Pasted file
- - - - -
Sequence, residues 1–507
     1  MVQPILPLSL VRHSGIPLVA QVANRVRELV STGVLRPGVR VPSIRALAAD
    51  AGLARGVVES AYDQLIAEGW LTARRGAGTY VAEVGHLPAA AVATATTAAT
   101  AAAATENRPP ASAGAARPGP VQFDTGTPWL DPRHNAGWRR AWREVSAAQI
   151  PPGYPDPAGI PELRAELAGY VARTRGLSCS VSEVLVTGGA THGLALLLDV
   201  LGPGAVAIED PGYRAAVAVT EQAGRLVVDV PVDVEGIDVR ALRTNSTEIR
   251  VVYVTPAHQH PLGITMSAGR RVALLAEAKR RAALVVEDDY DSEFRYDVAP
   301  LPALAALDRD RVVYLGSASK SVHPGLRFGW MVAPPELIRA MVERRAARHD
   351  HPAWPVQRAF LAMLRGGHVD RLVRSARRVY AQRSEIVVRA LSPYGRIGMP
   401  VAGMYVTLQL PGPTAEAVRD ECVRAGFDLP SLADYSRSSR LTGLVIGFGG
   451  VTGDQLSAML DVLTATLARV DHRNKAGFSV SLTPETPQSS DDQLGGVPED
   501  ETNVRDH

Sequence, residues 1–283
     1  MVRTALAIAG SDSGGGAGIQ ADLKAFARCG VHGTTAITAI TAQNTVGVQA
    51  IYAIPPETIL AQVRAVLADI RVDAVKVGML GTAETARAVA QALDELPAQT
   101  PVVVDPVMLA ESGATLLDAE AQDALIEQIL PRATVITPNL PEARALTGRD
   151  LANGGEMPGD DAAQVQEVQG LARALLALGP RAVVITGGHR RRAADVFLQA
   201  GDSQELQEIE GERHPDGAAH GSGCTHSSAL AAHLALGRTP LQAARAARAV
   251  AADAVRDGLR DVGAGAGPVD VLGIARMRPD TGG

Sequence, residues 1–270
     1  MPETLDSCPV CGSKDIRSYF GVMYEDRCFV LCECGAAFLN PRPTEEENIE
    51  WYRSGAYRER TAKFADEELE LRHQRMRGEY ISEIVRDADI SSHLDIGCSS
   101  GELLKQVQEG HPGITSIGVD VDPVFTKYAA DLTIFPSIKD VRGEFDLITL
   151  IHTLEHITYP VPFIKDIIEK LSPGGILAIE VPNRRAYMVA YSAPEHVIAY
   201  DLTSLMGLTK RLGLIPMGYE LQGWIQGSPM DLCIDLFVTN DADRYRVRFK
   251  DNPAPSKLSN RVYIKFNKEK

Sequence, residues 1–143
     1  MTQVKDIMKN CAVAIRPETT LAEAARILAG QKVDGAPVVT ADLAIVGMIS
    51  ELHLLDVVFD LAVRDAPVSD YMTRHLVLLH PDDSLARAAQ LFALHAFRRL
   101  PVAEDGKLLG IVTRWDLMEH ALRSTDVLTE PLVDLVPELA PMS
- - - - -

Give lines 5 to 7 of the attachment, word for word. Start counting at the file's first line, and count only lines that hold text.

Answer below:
   151  PPGYPDPAGI PELRAELAGY VARTRGLSCS VSEVLVTGGA THGLALLLDV
   201  LGPGAVAIED PGYRAAVAVT EQAGRLVVDV PVDVEGIDVR ALRTNSTEIR
   251  VVYVTPAHQH PLGITMSAGR RVALLAEAKR RAALVVEDDY DSEFRYDVAP